Another aspect of why we consider machines as not intelligent are our expectations to the capabilities of machines. We often expect them to know everything and that instantly, which I think is just plain wrong. Intelligence is something that needs time to evolve, as in humans, humans are no nobel laureates by birth, neither are machines. Just take genetic algorithms or neural networks, both need time to come to correct results, but if you give them their time, they become truly intelligent.

But lets come back to the question of what intelligence really is. I think intelligence is a lot about diversity, great diversity, learning and a good amount of randomness. From mathematicians to painters to comedians is the form of how intelligence manifests itself in one person hugely diverse. Through genetic inheritance also comes a lot of randomness and finally our knowledge, which is a result of intelligence comes mainly from learning. At its heart, intelligence may be reduced to pattern recognition and statistics (= experience). When we have to make a decision, we try to find similar situations in our memory (pattern recognition) and try to recall our decisions of what had worked and what not, and derive from that an answer or a decision to our current situation (statistical analysis). The result of our decision, as well as the whole situation, is instantly stored in our memory again, thus, we have again learned something and gained more experience.

What about consciousness? Humans are aware of themselves, and they are aware that they are aware of themselves, and so on. But are we aware of ourselves when we are born? Or is our self consciousness simply a result of other people interacting with us, therefore an evolutionary process? We are a species capable of language, therefore our interactions can be considered as more complex than of say, cows for example. Is our infinite strange loop of consciousness simply a result of these high-sophisticated interactions? I believe it is.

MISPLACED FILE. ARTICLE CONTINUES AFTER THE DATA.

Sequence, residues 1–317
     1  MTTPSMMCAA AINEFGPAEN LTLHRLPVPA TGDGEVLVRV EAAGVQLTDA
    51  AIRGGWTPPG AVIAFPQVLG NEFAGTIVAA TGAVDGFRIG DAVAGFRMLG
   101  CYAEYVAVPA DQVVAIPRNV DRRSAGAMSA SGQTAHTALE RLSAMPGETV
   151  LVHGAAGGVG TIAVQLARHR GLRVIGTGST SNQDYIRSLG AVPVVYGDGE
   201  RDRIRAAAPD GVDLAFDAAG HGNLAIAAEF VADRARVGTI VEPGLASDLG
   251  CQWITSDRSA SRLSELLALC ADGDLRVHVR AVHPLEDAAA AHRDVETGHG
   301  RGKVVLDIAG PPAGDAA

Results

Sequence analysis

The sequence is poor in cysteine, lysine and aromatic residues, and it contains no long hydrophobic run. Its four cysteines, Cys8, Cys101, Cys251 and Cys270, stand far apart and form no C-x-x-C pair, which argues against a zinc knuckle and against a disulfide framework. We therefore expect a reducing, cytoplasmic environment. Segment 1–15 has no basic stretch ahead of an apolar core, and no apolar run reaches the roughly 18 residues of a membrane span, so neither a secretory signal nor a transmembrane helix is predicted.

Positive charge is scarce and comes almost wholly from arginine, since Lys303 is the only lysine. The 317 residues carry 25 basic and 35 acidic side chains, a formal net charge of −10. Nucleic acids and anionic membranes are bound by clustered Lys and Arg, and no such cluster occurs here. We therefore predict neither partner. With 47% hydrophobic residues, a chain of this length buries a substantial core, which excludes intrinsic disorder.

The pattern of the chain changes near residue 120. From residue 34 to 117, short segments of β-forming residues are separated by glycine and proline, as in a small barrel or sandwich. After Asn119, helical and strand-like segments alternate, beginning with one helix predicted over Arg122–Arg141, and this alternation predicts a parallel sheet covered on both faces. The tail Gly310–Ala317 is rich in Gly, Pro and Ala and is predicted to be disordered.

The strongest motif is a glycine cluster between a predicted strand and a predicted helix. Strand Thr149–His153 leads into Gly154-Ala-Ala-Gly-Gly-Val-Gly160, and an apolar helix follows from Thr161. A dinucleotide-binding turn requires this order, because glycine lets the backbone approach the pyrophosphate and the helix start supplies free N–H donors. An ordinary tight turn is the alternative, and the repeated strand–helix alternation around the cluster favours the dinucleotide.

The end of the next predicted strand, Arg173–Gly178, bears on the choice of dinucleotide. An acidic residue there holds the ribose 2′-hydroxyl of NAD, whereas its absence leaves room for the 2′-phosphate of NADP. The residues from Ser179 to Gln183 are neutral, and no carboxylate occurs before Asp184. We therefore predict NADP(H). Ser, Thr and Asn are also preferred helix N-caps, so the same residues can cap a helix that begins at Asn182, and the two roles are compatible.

What about the future?

I believe the Turing Test will remain valid as an indicator whether or not a machine deserves the honour to be called intelligent. But at a certain point we may have to fine-tune the Turing Test a little, for example to test the learning and pattern recognition capabilities of test subjects. For example, in a Turing Test interview, the interrogator includes the story of a little riddle (e.g. one of those milk can riddles) into a question about history. The interrogator also tells the test subject one solution of the riddle, but not the optimal one. A few questions later, the interrogator then asks that riddle question in a little different form, say, not milk cans, but oil barrels. For a machine, it would be a simple straightforward logical task to solve the riddle and find the optimal solution. However a human test subject, will recognise the riddle as the one just heard a few questions before and will most likely tell the interrogator the solution heard in the story told before.

With that point reached, Ray Kurzweils prediction about the point of Singularity will be REALLY near.